A student-founded discount site exclusive to deals in the Durham area has rebranded itself after the threat of a lawsuit. Hootli—a Duke alumni and student-led venture that advertises discounted group deals for 35 local restaurants and bars, including some on-campus vendors—is regaining traction after avoiding a potential legal battle in August. Formerly known as Sidewalk, the small company changed its name after the owners of the website—another business associated with the restaurant industry—claimed infringement upon its identical name. “We decided to move forward,” said Hootli President Andrew Joiner, Fuqua ’11. “The best course of action was to start fresh and use everything we learned, use our technology, use existing relationships and use our marketing study to relaunch under a new name.” Although the company’s attorney anticipated that Hootli would win a legal battle if charges were pressed against them, approximately $500,000 in legal and attorney fees was difficult for the small start-up company to dispense for a legal response, Joiner said. Keeping the well-received owl figure as the company’s logo, the name Hootli was chosen for its uniqueness to try and avoid any future legal issues with website domain names as well as with Twitter and Facebook. “We learned our lesson the first time, we want something catchy, something simple that’s also something that is completely different from anything that’s in the market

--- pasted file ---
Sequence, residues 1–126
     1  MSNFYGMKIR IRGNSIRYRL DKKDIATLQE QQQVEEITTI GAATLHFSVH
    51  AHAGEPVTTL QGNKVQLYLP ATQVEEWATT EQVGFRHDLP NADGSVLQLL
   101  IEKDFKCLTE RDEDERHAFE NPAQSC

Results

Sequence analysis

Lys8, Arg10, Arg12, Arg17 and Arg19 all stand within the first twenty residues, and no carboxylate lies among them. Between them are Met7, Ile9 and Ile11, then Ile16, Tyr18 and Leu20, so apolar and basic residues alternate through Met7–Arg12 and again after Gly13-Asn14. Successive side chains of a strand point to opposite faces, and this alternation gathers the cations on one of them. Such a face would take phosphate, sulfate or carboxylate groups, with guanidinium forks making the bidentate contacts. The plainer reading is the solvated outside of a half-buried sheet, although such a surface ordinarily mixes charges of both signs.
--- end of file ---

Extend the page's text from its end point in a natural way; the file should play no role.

right now,” said senior Daniel Bingyou, Hootli vice president of sales. At one Hootli hosted event at Devine’s Restaurant and Sports Bar Nov. 10, senior Doug Dellinger won a two-night trip to Las Vegas with a $500 credit at a casino. The prize, co-sponsored by Hootli and Devine’s, was part of Hootli’s special launch events that they hosted as various bars and restaurants near campus. “It’s cool that they’re trying to do something entrepreneurial and also trying to help out local businesses,” Dellinger said. “It’s a good cause [because] they’re [making] students aware of more local businesses.” Hootli partners with local restaurant and bars to drive customers through its doors during off-peak hours, using time-sensitive deals and draws support from those in the Duke community. The Duke Student Publishing Company, publishers of The Chronicle, provided $8,000 in a convertible note as seed money for the company’s startup costs last Spring and is a marketing partner selling the Hootli service. The Hootli business model is distinct from other deal-of-the-day websites such as Groupon, Joiner said, with a more focused target demographic—college students— rather than the international breadth offered by Groupon. With approximately 3,000 active users and plans to include restaurants in Chapel Hill next January, Joiner said he is confident that the rebranding process has not set the company back. “We’re in a stronger position now based on our traction than ever before,” he said.